Sunday, January 5, 2014

Journal of a Soul 40


The Lungomare at Soverato, Calabria, a few days ago
Everything is relative, they say.  Very true, but relative to what? Relative to one’s expectations or income or status in life?  A bicycle is a fine means of transport dependent on weather, distance from one’s destination and one’s agility.  A Fiat 500 is a fine car to get one from A to B in a modern town, and it’s also very handy for parking.  A Mercedes Benz is also a fine car and it mirrors the status or ego of its driver.  Indeed, everything is relative.  As an existentialist, I believe that everything is relative to the one only certainty in life, namely death.  Death is the ultimate criterion or yardstick of life.  Let me elaborate.

It seems to me that what ultimately gives anything value is its relation or relativity to death.  Art is art because it is created by mortal beings.  Music is music because it is likewise composed.  Poems are poems because they combine mortal intellect and mortal feeling to such perfect effect in words.  This is the way with all the creations of the imagination of humankind.  Because their original composers are either no longer alive or will cease living at some time either soon or in the future, the works of their imagining is valued highly by society and it builds up and adds to what we call culture.  Meditate on these last statements.  Ponder on how our mortality gives value to most things which we humans do.

As a mental game, or more correctly what the philosophers call a thought experiment, let us ponder the opposite.  Suppose for the moment that any artist or composer or poet lived forever.  His or her eternal existence would lessen the import of their artistic labours.  Their works would now become 10 a penny or a 1000 a penny and so on and so forth.  Our mortality increases the value of our little lives and our little work.  I use the diminutive adjective only in relation to our smallness, and consequent insignificance, when considered in relation to the age and the expanse of the universe.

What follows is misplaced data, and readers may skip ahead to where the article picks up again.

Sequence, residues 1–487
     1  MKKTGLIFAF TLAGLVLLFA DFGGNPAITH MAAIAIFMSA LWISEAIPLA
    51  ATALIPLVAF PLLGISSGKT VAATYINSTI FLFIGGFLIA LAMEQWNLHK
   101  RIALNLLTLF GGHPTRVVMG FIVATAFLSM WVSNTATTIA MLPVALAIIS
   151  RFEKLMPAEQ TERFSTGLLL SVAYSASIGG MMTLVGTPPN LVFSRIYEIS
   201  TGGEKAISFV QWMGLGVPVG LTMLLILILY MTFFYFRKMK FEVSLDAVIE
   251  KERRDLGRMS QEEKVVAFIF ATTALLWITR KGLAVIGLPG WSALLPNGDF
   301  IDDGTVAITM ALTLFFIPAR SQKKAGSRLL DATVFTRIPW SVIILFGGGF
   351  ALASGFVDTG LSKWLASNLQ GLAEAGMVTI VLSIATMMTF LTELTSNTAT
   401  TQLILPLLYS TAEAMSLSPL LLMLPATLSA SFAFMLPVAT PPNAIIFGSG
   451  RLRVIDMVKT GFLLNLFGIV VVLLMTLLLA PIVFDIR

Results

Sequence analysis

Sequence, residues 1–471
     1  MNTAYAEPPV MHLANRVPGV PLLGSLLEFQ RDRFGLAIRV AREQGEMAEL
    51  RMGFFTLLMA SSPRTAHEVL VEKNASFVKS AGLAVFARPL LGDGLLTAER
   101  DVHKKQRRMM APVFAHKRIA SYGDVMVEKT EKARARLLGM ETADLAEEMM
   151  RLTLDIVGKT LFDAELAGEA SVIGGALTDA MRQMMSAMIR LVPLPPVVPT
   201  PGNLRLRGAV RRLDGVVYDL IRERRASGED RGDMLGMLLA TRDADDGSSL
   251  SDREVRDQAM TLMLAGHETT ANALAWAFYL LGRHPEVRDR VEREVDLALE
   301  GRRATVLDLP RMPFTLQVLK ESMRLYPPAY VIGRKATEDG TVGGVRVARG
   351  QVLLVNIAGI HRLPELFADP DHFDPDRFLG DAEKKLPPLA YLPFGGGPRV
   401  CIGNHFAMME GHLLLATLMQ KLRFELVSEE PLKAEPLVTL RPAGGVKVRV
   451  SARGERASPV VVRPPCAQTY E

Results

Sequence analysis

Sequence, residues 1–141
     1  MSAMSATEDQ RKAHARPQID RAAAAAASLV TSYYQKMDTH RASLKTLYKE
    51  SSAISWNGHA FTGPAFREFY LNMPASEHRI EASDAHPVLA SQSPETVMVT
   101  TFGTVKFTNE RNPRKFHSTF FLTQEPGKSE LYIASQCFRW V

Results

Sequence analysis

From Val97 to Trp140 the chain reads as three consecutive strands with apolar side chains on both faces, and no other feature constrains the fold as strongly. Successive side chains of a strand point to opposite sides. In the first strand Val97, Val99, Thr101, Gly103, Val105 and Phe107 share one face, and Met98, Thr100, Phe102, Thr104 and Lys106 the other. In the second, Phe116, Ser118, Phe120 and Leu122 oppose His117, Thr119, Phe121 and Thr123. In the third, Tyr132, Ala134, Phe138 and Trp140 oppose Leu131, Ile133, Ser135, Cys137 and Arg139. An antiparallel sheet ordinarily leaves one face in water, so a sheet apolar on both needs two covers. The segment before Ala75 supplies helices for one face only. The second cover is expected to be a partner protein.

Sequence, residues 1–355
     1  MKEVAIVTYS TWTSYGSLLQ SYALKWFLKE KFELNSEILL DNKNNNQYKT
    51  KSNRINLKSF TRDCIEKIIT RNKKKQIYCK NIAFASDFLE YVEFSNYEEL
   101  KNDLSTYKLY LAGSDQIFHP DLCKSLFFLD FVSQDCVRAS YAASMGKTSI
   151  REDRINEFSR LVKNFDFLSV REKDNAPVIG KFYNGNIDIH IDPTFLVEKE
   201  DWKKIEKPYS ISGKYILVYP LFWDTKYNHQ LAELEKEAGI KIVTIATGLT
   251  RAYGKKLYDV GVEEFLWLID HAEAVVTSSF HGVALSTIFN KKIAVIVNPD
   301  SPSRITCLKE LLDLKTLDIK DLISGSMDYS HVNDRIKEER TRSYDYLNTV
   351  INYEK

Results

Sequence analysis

And so, let me finish with a litany here – an old prayer style used in our Catholic churches many years ago - based on what I have described above:

The Leader (L) leads the Prayer. The response (R) to the litany is: For we are Mortal. Please note that I am invoking no deity here, just humankind’s sheer mortality which is almost the author of his humanity.  It is a humanist prayer in the sense that it is neither theist nor atheist.  This last sentence is, obviously, of the utmost importance for this writer, for he is neither pushing the one nor the other here.

Town Centre, Soverato, Xmas '13
L: For all the works of men and women everywhere and at all times, we give thanks. R.

L: For all the great poets from times gone by who weaved such wondrous words and made us cry and laugh. R.

L: For all the poets from the present times who continue to weave such wondrous words to make us cry and laugh. R.

L: For all the wonderful composers of the past, who lifted up our hearts with music and song, brought tears of joy and sadness to our eyes.  R.

L: For all the wonderful composers of the present times, who continue to lift up our hearts with music and song, bring tears of joy and sadness to our eyes. R.

L: For all the brave explorers who set forth to find a promised land beyond our native shore, we are thankful. R.

L: For all the brave explorers who set forth today and will set forth to find a promised land beyond our present shores, we are thankful. R.

L: For all the carers who give of their love in action for the poor, the lonely, the sick and the aged, we give thanks.  R.

L. For all the dreamers and visionaries everywhere who dare to believe that justice is possible in this less than perfect world we are thankful.  R.

L. For all the beauty in this world, both natural and the work of human hands we are thankful and in awe.  R.

L. For all who weep and tend our graves, we are especially thankful.  R.

L: For the hopes that live within our hearts, we are especially thankful.  R.

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